Post Trade Deadline Blackhawks Update

Yes, I’m still alive and well here. I know you’ve been worried. You know who else is alive and well? The Blackhawks. They are winners of seven straight games, and have won their last eight road games, which is a new franchise record. They also sit second in the Central Division while owning the league’s third highest point total (89). In a season that I and many others viewed as a stepping stone toward competing for the Cup again in the next two years, the Hawks have, to this point, shocked me.

Coming into this 2016-17 season, it was well known that the Blackhawks were going to have to play multiple rookies each and every night thanks in large part to the salary cap. As has been the case for the last 7-8 years, the Hawks are tight up against the league’s cap due to the fact that they have to pay high annual salaries to some of the NHL’s best players. The only difference this year, however, is that rather than being able to sign some veteran players to cheap one-year deals, the Hawks were forced to build their depth from within their own organization. Enter the likes of Ryan Hartman, Tanner Kero, Nick Schmaltz, Dennis Rasmussen, and Michal Kempny (signed as a free agent last summer).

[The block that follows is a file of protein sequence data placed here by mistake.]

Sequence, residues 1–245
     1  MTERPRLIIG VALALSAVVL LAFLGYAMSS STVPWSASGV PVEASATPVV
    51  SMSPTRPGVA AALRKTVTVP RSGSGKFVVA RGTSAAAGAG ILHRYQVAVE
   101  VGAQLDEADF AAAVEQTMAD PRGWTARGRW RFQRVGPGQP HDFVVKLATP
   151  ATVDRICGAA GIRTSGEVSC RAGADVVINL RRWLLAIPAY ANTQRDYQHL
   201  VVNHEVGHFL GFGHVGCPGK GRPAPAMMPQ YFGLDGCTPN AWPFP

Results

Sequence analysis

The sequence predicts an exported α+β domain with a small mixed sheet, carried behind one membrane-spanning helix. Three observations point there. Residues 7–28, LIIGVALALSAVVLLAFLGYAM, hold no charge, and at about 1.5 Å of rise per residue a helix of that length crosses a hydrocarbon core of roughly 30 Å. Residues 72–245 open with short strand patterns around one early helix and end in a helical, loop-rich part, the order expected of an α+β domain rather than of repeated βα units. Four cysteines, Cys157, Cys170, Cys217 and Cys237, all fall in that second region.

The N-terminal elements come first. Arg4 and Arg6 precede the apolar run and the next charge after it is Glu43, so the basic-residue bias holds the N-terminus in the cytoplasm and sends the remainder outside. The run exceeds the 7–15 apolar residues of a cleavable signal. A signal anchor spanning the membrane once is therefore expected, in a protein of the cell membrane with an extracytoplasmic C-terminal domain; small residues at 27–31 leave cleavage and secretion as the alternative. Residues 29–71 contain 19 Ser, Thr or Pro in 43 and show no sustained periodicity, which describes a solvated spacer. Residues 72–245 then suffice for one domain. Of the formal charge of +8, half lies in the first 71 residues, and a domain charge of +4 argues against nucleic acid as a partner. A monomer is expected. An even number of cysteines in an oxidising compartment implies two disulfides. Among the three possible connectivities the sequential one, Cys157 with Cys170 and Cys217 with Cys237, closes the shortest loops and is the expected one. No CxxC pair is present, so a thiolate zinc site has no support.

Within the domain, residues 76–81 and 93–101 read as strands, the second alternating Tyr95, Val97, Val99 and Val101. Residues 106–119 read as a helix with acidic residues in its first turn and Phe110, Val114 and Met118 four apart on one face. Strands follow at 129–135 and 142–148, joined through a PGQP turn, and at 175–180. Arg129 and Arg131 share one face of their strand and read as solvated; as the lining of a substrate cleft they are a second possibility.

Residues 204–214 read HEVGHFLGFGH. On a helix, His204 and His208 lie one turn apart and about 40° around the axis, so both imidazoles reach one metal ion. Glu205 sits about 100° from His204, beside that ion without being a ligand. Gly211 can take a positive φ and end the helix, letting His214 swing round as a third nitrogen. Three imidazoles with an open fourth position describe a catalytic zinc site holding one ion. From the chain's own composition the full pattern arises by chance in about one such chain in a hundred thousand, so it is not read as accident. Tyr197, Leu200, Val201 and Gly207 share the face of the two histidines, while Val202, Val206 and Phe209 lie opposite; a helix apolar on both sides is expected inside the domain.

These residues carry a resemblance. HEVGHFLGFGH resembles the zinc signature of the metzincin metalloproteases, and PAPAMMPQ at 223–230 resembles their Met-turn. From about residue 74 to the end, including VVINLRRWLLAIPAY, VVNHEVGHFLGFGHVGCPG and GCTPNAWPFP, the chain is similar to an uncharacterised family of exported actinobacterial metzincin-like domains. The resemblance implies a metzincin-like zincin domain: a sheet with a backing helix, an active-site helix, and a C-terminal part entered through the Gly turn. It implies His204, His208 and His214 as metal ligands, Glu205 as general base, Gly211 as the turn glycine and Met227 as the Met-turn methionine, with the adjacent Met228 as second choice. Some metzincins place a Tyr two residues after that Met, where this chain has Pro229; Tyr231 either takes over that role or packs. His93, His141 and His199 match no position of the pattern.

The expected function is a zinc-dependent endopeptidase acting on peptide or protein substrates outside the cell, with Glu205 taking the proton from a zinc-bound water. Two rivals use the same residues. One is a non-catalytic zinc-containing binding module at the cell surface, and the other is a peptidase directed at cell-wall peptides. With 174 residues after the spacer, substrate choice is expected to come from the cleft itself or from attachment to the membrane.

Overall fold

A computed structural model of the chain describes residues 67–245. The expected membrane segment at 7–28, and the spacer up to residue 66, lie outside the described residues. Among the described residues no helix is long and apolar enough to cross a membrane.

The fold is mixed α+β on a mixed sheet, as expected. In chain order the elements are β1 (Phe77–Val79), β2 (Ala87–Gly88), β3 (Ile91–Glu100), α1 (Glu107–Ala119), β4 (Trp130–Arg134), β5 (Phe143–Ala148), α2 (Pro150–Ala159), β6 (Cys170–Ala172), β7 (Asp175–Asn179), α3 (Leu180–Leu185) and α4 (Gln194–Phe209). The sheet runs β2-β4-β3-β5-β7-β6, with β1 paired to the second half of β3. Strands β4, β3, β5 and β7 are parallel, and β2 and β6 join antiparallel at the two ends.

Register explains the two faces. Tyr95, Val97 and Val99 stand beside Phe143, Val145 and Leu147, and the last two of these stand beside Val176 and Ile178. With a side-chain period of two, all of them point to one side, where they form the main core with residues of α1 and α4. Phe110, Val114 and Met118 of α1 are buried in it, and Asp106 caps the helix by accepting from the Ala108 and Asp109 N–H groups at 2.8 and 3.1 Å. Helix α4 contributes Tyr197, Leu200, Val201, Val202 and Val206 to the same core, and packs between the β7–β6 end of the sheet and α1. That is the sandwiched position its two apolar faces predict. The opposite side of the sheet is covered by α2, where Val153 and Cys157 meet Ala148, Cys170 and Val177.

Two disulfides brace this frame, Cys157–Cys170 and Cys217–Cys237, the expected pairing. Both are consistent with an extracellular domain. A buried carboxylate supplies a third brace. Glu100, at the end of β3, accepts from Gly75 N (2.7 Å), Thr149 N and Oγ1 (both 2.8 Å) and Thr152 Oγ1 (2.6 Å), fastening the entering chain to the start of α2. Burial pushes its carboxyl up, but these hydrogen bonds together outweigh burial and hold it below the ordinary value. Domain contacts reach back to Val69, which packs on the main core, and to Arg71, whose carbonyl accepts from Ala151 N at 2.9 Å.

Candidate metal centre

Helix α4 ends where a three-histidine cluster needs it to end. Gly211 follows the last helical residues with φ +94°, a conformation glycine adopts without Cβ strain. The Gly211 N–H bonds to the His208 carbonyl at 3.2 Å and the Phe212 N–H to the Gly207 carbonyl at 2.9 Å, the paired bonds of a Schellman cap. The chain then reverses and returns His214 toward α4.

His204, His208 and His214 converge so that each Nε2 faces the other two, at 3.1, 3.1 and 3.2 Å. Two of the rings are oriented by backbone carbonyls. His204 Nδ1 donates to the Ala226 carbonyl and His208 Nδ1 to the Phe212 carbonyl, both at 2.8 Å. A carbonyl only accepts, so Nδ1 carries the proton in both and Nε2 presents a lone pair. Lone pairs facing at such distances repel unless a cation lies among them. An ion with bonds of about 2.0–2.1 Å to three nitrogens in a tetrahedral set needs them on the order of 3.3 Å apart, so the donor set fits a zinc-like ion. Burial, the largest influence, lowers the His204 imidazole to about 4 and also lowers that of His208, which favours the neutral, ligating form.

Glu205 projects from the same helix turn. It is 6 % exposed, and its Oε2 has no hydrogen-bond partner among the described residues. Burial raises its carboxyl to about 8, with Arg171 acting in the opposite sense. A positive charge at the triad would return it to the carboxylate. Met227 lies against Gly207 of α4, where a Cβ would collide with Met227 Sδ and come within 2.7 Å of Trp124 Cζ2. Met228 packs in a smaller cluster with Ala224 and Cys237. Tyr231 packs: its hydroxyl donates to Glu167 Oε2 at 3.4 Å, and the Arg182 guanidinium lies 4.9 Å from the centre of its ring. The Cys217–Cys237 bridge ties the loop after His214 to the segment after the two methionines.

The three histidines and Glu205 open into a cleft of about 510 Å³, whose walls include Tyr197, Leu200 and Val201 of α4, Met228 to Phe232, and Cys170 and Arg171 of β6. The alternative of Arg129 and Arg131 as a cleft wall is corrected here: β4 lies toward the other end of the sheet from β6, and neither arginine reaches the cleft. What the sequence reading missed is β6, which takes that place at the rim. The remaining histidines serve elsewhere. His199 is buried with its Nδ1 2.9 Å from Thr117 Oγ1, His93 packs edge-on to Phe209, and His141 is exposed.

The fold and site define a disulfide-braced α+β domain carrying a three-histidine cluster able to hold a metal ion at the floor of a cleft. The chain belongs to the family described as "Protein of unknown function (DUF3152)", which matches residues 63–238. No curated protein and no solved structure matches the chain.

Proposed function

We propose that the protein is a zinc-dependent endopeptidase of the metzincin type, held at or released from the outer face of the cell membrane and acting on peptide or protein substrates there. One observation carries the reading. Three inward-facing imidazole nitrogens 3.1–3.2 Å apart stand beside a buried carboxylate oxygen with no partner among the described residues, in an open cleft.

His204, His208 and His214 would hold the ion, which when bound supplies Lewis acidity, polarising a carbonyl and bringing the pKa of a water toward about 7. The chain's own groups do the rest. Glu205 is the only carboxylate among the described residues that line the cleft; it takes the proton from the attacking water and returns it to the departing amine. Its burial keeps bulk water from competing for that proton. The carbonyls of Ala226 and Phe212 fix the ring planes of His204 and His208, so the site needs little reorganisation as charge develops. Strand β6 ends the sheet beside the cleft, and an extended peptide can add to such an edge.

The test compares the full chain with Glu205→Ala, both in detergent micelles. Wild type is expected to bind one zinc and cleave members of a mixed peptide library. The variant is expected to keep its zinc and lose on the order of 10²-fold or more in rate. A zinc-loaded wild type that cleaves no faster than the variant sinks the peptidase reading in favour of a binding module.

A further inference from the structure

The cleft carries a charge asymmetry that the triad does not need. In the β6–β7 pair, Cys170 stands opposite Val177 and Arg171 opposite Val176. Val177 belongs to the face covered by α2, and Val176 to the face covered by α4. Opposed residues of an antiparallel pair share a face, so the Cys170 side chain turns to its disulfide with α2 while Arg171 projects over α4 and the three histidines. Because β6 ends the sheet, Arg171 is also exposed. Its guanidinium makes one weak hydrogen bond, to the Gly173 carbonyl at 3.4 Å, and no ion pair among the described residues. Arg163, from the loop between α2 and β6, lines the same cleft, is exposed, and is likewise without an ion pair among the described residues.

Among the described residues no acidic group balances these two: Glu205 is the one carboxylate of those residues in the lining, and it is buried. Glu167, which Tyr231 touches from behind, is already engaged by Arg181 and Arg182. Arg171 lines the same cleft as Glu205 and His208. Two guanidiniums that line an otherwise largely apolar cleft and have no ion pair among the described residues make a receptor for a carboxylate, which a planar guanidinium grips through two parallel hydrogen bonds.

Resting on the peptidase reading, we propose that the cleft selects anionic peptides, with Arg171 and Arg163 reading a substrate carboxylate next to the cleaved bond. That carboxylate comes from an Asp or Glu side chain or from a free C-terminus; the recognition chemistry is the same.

You never want to have to place a lot of faith and confidence in a bunch of rookies to help guide your team to the postseason. There is simply too much of the “unknown factor” that comes into play in that scenario. There’s no telling how a rookie or other relatively inexperienced players will handle the pressure of being asked to produce right off the bat. That becomes even more true in the playoffs when the intensity on the ice and in the stands rises to levels that cannot be duplicated in the AHL or junior leagues.